A new study conducted by researchers from New York University explored a unique trend that’s been occurring among online grocery retailers. Their findings showed that many online stores aren’t consistent with showing consumers food labels.
“Our study shows that the online food shopping environment today is a bit of a ‘Wild West,’ with incomplete and inconsistent provision of required nutrition information to consumers,” said researcher Dariush Mozaffarian.
“Online shopping will only continue to grow, and this creates an excellent opportunity to positively influence consumers to make healthy and safe choices. We need to leverage this change to help make progress against the nutrition-related health crisis in this country.”
Gaps in nutrition labeling
To better understand what nutritional information is available to consumers from online retailers, the researchers analyzed information available from nine major online grocers on 10 different food products. Most of the items involved in the study were packaged goods, which typically are required to have an ingredients list, a full nutrition breakdown, and a common allergy warning.
Ultimately, the researchers learned that there were a lot of inconsistencies with these food labels. Overall, nutrition facts were only found on roughly 46% of all the items assessed, while ingredient lists were found on more than 54% of the items involved in the study.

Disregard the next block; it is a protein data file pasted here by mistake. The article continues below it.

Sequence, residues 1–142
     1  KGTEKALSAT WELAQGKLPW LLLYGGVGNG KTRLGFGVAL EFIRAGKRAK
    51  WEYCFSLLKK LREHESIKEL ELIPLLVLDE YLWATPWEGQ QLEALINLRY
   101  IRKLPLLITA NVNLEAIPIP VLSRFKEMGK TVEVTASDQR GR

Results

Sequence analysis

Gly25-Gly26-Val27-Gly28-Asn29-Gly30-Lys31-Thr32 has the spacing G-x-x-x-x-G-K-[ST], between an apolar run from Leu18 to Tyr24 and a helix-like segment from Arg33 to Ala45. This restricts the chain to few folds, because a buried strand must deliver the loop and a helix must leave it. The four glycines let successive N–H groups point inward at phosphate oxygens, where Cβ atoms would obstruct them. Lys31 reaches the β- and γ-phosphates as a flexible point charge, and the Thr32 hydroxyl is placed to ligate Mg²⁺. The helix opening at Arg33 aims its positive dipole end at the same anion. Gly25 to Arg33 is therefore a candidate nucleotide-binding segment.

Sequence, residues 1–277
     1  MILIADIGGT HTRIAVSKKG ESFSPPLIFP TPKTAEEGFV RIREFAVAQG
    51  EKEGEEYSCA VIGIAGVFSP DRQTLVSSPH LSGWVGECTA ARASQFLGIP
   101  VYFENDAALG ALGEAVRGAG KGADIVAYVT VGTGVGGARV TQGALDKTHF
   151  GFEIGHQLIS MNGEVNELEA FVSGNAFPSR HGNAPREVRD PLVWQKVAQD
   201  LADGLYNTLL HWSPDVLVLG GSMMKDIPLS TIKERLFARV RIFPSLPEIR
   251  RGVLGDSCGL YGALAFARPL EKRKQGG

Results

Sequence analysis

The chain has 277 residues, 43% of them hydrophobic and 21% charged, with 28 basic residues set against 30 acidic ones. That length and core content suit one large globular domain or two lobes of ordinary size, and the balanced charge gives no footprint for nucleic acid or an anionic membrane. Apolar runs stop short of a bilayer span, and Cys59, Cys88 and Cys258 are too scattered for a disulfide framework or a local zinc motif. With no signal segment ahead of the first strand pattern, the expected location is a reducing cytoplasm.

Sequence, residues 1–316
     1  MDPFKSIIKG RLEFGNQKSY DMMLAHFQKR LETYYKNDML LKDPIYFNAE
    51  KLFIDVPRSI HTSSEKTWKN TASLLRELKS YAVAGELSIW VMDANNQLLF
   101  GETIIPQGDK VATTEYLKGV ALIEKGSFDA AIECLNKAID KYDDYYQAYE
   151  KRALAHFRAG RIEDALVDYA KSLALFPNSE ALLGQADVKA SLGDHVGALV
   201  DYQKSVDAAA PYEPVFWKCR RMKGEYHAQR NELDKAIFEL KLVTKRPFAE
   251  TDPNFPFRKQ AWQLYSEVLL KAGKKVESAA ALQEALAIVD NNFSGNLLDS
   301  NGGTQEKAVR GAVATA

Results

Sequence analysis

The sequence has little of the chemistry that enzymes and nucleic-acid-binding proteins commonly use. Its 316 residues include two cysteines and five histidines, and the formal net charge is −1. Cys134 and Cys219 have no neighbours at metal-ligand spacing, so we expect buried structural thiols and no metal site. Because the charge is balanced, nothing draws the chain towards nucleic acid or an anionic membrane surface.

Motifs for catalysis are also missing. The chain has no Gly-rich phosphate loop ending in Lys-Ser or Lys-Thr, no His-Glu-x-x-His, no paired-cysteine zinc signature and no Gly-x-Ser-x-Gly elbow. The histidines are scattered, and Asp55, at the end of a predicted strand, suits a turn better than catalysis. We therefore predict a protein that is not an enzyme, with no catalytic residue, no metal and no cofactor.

However, on average, this information was only consistent across the different stores and food items 36.5% of the time. The researchers found that allergy warnings only appeared on just over 11% of the items involved in the study.
“Our findings highlight the current failure of both regulations and industry practice to provide a consistent environment in which online consumers can access information that is required in conventional stores,” said researcher Sean Cash. “With the expectation that online grocery sales could top $100 billion for 2021, the requirements to provide consumers with information need to keep up with the evolving marketplace.”
Helping consumers make smart decisions
The researchers also looked at what regulations exist when it comes to food labeling and what can be done to help consumers make the best food choices for their health and wellness. They found that the FDA, FTC, and USDA can all work to make food labeling more consistent among online grocery retailers.
This is particularly important when thinking about consumers who rely on these labels for important nutrition information, like allergy warnings or sugar or carb levels.
“Labeling requirements are intended to protect consumers who are largely unable to protect themselves,” said researcher Jennifer Pomeranz. “This is even more salient for online where consumers cannot directly inspect products. At a minimum, the entire required nutritional information panel should be made visible and legible for consumers shopping for their groceries online.”